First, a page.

Thursday, December 18, 2008

Velikovsky Correct About Pole Shift



"Diogenes Laertius repeated the teaching of Leucippus: 'The earth bent or inclined towards the south because the northern regions grew rigid and inflexible by the snowy and cold weather which ensued thereon.' The same idea is found in Plutarch, who quoted the teaching of Democritus: 'The northern regions were ill temperate, but the southern were well; whereby the latter becoming fruitful, waxed greater, and by an overweight preponderated and inclined to the whole that way.' Empedocles, quoted by Plutarch, taught that the north was bent from its former position, whereupon the northern regions were elevated and the southern depressed. Anaxagoras taught that the pole received a turn and that the world became inclined toward the south." -- Immanuel Velikovsky, cosmologist, 1950

"The sea erupted. Often the sea and land changed places. The immutability of contours of continents and seas, a dogma in geology, has no basis in fact. And immediately there is the problem of the climate. There were ancient climates that were very different from what they are today. If those corals grew where they were found, certainly the Earth was not travelling with the same elements of rotation and revolution which means not in the same orbit, not with the axis directed in the same position as it is today. If you don't believe it, try to cultivate corals on the North Pole." -- Immanuel Velikovsky, cosmologist, 1966

Stephen Smith: Europa's Unsettled Poles.

It appears as if the north and south poles on Jupiter's giant moon are no longer located where they originated.

Scientists have been studying images returned by the Galileo spacecraft for almost ten years now. The images transmitted from Jupiter's moons, in particular, revealed structures that seem to defy conventional geological theories. Why is Callisto covered with craters? Why does Ganymede possess a magnetic field? Why does Europa appear to be covered with water ice that is floating on a vast ocean?

A May 15, 2008 article in the science journal Nature announced that Europa seems to have experienced displacement of its north and south poles on more than one occasion.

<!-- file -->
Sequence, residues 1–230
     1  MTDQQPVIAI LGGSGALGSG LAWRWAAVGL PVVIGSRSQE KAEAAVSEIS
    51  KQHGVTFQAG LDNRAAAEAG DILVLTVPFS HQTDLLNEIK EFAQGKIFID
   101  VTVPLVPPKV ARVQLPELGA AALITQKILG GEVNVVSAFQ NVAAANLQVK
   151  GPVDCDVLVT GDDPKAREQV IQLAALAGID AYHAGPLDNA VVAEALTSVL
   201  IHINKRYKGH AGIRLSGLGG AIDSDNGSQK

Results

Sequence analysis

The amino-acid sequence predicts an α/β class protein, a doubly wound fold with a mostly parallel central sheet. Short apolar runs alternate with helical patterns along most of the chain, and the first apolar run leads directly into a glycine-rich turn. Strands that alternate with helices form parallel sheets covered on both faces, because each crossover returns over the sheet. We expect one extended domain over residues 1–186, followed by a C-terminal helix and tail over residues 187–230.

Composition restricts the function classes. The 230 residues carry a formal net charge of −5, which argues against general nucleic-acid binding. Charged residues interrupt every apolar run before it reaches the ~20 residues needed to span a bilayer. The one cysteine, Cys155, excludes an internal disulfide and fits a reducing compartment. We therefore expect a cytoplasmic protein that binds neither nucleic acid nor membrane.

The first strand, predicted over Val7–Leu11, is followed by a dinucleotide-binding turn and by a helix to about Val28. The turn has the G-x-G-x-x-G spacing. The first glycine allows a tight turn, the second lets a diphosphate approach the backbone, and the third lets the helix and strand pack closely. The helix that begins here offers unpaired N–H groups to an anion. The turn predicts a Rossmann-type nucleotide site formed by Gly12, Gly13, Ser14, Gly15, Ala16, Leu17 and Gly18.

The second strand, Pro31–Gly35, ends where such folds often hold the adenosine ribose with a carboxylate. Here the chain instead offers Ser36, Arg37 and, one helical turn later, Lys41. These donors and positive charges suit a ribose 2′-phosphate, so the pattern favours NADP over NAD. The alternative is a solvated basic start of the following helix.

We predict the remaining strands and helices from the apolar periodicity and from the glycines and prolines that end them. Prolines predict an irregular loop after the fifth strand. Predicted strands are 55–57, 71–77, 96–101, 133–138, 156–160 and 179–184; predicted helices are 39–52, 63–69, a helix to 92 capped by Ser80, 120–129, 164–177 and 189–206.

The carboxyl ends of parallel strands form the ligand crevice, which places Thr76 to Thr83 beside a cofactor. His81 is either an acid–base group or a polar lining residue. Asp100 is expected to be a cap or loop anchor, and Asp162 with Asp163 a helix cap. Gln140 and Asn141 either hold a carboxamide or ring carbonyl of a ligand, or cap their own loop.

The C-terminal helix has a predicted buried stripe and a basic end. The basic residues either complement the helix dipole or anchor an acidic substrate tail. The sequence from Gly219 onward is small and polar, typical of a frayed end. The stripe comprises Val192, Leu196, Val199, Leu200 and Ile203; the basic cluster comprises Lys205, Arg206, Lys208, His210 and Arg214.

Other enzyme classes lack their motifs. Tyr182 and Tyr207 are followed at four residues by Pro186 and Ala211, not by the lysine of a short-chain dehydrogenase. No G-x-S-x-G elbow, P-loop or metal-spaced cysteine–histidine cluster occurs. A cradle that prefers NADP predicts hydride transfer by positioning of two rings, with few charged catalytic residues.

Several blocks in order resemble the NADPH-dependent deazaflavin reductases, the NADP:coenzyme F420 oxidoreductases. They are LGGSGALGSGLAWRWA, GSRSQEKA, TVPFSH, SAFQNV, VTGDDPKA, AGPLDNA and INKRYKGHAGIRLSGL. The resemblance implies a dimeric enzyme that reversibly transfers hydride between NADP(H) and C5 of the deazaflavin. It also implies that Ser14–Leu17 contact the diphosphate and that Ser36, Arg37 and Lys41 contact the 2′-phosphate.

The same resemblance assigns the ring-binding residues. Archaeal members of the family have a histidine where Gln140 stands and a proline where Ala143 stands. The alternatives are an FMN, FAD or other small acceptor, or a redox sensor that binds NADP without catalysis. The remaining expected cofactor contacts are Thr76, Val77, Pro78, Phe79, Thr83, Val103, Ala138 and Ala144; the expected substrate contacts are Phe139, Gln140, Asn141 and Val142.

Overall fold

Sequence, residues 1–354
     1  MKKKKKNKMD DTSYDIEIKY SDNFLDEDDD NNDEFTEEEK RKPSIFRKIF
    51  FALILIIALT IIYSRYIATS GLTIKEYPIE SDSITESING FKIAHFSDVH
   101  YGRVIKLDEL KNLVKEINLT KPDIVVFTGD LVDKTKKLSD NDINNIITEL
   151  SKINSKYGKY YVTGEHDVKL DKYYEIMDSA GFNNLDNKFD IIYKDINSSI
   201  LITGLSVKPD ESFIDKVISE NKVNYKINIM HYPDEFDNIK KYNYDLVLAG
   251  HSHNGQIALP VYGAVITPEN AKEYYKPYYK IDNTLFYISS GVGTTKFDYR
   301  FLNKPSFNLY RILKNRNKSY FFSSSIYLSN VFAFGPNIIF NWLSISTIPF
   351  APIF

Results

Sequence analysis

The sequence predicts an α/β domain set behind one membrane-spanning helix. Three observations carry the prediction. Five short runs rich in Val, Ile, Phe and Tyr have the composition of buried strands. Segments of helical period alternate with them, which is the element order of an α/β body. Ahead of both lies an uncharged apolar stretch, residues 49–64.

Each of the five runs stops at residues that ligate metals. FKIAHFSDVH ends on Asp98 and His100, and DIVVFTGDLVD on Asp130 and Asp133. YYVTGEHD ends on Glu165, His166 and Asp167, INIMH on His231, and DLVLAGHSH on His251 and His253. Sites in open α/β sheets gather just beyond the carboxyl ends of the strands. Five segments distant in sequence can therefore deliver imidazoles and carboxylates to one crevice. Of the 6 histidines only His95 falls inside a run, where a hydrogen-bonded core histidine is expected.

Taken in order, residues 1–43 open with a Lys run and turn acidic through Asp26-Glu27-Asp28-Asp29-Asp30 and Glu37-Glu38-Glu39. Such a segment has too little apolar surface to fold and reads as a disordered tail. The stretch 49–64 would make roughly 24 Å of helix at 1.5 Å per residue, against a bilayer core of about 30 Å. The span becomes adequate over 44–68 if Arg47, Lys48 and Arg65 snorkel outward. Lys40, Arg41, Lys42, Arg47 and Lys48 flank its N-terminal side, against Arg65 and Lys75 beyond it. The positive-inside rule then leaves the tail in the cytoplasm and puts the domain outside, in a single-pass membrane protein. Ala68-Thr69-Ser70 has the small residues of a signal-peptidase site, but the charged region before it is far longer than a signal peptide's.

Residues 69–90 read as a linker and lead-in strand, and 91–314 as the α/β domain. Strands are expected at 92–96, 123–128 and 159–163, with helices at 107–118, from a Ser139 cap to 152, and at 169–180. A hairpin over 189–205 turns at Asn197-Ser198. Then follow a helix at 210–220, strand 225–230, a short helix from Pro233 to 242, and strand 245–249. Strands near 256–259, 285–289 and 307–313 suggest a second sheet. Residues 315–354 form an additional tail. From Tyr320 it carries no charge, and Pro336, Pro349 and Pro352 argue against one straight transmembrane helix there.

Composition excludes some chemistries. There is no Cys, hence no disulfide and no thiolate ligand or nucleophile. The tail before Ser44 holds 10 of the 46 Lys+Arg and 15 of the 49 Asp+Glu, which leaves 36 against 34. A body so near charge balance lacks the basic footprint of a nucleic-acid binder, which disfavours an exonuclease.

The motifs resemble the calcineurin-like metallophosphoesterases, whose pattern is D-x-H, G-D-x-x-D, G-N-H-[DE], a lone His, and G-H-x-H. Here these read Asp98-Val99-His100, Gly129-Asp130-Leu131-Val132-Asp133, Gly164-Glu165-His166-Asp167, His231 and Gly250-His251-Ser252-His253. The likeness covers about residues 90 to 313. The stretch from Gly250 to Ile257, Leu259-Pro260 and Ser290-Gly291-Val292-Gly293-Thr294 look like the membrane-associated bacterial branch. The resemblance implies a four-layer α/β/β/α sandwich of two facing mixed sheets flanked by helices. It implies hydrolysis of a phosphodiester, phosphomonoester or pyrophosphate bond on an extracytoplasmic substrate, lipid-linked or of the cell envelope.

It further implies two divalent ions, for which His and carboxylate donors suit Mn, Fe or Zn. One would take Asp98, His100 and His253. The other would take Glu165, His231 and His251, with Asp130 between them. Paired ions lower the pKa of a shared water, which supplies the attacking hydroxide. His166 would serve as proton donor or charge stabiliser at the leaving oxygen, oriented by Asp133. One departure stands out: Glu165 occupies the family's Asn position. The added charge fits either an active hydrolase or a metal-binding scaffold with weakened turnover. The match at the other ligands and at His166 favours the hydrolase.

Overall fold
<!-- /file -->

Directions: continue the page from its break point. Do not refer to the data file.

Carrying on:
Hecht, J., Jupiter's Moon's Poles 'Wandered' Far and Wide, New Scientist, May 2008

Schenk, P., Matsuyama, I., and Nimmo, F., True Polar Wander On Europa From Global-Scale Small-Circle Depressions, Nature, 453, Pages 368-371, May 2008

Fountain, H., Arc-Shaped Troughs on Europa May Be Sign of Wandering Poles, The New York Times, May 2008

9 comments:

Louis Hissink said...

OilisMastery

Don't get too enthralled with Velikovksy, he was a man of HIS times, not ours, and his ideas were conditioned on the prevailing attitudes then.

Clark Whelton, (lives in NY) is an excellent source of information on this.

OilIsMastery said...

Well I most certainly agree with him that the poles shifted and with a great many other things and I suspect you do as well...=)

For example, Venus is hot, Jupiter emits radio noises, plasma, etc.

OilIsMastery said...

I can't find Clark Whelton. I need help...=)

Louis Hissink said...

OK,
do it via email

Bill said...

...does this mean if I buy property on the North Pole I could end up owning desirable beach front from either global warming or pole shifting?

This doubles my chances for a win!!

Quantum_Flux said...

Oh, investing in Canadian or Russian property sounds like a smart idea assuming Canada and Russia won't just shoot you and take the deed to your oil rich paradise when the land becomes ripe for business.

OilIsMastery said...

Bill,

LOL...Funny you should mention it because I just so happen to have some property on the North Pole for sale...haha.

Louis Hissink said...

Oilismastery

Actually I do support the careening earth theory - where the earth reorients its axis of spin in space.

It is crucial to realise that in terms of sphericity the earth is closer to an ideal sphere than a top class billiard ball, so its rotational stability really has nothing to do with the equatorial bulge but on other factors.

Have a look at the various axes of spin and their orientation to the ecliptic for the rest of the solar system.

Quantum_Flux said...

Yep, very spherical indeed, according to the Clark Ellipsoid the semimajor axis is 6,378,206.4 m and the semiminor axis is 6,356,583.8 m.